Language models (LMs) have become ubiquitous in both NLP research and in commercial product offerings. As their commercial importance has surged, the most powerful models have become closed off, gated behind proprietary interfaces, with important details of their training data, architectures, and development undisclosed. Given the importance of these details in scientifically studying these models, including their biases and potential risks, we believe it is essential for the research community to have access to powerful, truly open LMs. To this end, this technical report details the first release of OLMo, a state-of-the-art, truly Open Language Model and its framework to build and study the science of language modeling. Unlike most prior efforts that have only released model weights and inference code, we release OLMo and the whole framework, including training data and training and evaluation code. We hope this release will empower and strengthen the open research community and inspire a new wave of innovation.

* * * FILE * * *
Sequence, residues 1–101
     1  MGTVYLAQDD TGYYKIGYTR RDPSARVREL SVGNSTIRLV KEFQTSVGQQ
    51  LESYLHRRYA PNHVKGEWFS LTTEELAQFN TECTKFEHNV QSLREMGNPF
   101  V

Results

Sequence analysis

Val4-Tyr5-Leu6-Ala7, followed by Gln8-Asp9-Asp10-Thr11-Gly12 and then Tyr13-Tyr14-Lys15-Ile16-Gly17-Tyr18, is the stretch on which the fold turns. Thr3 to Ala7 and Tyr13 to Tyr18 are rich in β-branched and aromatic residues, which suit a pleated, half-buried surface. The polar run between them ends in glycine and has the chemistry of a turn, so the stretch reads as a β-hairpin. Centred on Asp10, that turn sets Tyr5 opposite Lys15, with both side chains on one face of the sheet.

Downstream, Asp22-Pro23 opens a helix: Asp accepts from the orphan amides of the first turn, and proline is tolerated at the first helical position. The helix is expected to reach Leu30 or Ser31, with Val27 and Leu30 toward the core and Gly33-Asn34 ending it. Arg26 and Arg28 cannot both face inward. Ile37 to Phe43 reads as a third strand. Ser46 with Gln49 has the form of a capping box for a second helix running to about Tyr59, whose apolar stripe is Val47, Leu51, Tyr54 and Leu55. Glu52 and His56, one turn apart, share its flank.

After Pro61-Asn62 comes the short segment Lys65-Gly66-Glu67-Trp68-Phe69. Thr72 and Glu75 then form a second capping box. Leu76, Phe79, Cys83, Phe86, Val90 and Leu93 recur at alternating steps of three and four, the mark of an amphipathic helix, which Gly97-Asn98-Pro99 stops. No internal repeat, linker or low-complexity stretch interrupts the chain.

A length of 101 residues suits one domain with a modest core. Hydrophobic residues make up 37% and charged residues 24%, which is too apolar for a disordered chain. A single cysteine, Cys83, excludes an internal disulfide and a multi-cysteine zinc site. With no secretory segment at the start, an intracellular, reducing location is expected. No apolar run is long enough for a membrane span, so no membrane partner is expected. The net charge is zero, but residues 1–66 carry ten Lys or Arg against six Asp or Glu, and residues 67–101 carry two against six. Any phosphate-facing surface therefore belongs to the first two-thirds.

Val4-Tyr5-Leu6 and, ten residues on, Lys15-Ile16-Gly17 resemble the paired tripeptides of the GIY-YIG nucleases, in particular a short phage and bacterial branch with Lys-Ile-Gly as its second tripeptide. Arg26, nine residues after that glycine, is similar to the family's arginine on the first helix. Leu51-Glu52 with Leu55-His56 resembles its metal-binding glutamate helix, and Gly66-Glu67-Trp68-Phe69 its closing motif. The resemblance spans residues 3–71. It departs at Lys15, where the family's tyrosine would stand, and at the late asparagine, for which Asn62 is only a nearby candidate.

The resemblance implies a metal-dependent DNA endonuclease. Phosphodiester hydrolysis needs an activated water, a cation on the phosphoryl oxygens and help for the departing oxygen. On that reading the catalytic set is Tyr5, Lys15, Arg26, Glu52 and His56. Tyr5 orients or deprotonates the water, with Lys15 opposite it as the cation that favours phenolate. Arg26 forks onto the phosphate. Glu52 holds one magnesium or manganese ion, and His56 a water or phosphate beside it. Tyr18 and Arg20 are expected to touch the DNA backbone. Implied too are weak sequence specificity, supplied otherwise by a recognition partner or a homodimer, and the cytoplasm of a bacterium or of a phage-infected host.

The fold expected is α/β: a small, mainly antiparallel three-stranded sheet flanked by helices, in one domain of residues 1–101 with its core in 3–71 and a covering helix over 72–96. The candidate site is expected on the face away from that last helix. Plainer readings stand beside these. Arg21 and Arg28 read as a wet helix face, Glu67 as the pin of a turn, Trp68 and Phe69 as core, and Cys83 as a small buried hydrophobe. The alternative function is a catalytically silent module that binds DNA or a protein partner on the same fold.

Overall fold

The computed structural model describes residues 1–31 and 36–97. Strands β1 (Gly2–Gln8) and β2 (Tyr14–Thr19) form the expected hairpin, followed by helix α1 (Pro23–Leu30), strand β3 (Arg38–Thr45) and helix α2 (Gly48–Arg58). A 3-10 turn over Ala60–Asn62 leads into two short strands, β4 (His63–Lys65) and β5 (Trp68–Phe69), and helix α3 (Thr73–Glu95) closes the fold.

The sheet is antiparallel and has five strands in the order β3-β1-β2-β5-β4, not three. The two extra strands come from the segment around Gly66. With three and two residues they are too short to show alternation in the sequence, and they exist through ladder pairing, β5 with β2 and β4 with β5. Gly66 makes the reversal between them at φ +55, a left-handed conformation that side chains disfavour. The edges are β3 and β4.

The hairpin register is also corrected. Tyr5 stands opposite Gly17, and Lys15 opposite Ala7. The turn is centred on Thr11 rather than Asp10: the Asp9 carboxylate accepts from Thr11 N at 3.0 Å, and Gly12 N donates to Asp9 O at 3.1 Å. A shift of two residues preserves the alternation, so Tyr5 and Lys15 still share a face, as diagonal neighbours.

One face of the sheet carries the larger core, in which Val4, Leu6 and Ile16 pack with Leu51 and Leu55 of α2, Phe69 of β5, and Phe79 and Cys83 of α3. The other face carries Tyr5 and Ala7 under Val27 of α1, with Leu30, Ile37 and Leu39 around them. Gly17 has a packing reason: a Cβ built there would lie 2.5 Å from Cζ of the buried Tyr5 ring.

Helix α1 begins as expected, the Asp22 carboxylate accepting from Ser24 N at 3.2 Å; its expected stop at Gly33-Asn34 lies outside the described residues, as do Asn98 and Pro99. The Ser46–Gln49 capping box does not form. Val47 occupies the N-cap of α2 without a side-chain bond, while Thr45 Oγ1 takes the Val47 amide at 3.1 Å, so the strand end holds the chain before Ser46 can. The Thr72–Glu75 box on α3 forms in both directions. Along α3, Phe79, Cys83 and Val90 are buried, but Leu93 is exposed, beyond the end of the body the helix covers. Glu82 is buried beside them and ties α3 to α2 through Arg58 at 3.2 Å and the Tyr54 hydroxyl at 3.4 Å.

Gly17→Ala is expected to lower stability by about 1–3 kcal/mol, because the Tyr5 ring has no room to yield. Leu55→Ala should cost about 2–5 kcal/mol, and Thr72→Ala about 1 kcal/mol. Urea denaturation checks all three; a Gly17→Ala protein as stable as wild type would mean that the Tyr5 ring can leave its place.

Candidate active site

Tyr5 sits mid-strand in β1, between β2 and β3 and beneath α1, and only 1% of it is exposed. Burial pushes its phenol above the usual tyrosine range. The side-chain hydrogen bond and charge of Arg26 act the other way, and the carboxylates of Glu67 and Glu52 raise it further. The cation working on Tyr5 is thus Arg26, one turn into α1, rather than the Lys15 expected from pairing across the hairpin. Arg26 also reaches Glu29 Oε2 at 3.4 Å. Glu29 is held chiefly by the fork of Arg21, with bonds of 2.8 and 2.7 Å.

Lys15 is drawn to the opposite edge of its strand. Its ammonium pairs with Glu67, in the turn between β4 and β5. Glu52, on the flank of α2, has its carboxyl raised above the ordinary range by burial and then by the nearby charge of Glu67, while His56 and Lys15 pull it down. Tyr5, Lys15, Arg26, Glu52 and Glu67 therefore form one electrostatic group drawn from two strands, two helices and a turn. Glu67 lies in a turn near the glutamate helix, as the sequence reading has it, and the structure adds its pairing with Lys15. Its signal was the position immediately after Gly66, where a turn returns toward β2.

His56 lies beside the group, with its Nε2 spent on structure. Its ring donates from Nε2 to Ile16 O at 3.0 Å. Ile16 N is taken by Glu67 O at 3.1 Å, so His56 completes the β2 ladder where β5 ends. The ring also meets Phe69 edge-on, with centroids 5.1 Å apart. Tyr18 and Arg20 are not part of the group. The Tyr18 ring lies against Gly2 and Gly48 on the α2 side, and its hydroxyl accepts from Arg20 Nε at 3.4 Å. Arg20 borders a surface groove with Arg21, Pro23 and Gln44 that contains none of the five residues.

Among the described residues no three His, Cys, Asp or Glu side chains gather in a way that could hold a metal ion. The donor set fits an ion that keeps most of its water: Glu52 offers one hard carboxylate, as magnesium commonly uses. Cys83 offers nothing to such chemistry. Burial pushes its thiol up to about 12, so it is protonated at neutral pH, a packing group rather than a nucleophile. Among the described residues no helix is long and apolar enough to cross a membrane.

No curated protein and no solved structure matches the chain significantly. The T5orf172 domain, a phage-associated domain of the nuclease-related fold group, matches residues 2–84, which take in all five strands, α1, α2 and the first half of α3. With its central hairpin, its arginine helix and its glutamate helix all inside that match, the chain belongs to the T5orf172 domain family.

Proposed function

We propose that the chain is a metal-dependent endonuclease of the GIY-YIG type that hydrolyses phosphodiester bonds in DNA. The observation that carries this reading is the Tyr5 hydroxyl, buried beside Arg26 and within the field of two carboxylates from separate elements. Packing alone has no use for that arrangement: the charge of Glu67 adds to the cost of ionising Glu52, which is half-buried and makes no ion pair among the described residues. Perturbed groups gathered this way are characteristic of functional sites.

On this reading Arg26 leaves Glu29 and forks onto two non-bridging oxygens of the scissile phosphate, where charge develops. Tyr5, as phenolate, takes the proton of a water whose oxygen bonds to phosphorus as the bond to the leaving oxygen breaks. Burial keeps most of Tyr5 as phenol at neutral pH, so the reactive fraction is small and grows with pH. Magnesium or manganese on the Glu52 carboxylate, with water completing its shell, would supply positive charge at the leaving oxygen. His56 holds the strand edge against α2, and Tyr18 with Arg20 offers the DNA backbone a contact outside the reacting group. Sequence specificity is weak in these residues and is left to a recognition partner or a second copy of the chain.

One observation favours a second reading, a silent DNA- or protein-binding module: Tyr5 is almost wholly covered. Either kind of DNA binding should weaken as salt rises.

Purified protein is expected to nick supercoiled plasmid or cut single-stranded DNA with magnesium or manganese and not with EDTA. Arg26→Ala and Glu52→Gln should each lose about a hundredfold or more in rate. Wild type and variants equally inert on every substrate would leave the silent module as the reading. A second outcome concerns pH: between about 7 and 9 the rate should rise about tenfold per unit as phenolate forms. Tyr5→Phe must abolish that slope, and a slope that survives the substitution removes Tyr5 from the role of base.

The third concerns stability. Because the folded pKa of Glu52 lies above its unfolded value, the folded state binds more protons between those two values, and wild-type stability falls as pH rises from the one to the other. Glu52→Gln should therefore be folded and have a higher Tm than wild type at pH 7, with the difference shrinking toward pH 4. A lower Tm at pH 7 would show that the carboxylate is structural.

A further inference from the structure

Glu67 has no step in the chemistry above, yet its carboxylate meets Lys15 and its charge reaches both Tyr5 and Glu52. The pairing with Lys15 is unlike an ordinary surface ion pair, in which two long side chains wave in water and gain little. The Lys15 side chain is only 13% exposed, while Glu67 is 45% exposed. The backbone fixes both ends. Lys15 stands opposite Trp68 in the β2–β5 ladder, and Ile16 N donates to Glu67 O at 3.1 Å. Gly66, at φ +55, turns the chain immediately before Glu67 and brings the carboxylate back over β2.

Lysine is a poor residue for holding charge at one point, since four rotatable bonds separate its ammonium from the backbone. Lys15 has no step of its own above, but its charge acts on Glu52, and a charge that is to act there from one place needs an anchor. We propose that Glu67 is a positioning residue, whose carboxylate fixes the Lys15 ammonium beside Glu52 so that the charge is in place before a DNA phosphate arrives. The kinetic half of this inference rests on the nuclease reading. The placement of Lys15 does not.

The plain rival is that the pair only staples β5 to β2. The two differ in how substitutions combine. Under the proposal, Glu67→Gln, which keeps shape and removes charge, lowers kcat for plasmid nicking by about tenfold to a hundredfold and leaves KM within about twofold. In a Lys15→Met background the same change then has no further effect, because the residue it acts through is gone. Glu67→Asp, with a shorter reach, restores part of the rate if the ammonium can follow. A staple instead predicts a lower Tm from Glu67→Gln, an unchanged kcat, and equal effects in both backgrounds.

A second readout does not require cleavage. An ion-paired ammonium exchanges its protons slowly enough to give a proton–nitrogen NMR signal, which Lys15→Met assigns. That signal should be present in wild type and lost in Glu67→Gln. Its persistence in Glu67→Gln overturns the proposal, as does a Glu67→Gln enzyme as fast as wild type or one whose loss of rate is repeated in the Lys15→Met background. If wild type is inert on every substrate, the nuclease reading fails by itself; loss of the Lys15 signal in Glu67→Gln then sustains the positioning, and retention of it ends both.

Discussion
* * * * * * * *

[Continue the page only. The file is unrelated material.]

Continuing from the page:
Large Language Models (LLMs) are so powerful that they sometimes learn correlations between labels and features that are irrelevant to the task, leading to poor generalization on out-of-distribution data. We propose explanation-based finetuning as a novel and general approach to mitigate LLMs' reliance on spurious correlations. Unlike standard finetuning where the model only predicts the answer given the input, we finetune the model to additionally generate a free-text explanation supporting its answer. To evaluate our method, we finetune the model on artificially constructed training sets containing different types of spurious cues, and test it on a test set without these cues. Compared to standard finetuning, our method makes models remarkably more robust against spurious cues in terms of accuracy drop across four classification tasks: ComVE (+1.2), CREAK (+9.1), e-SNLI (+15.4), and SBIC (+6.5). Moreover, our method works equally well with explanations generated by the model, implying its applicability to more datasets without human-written explanations.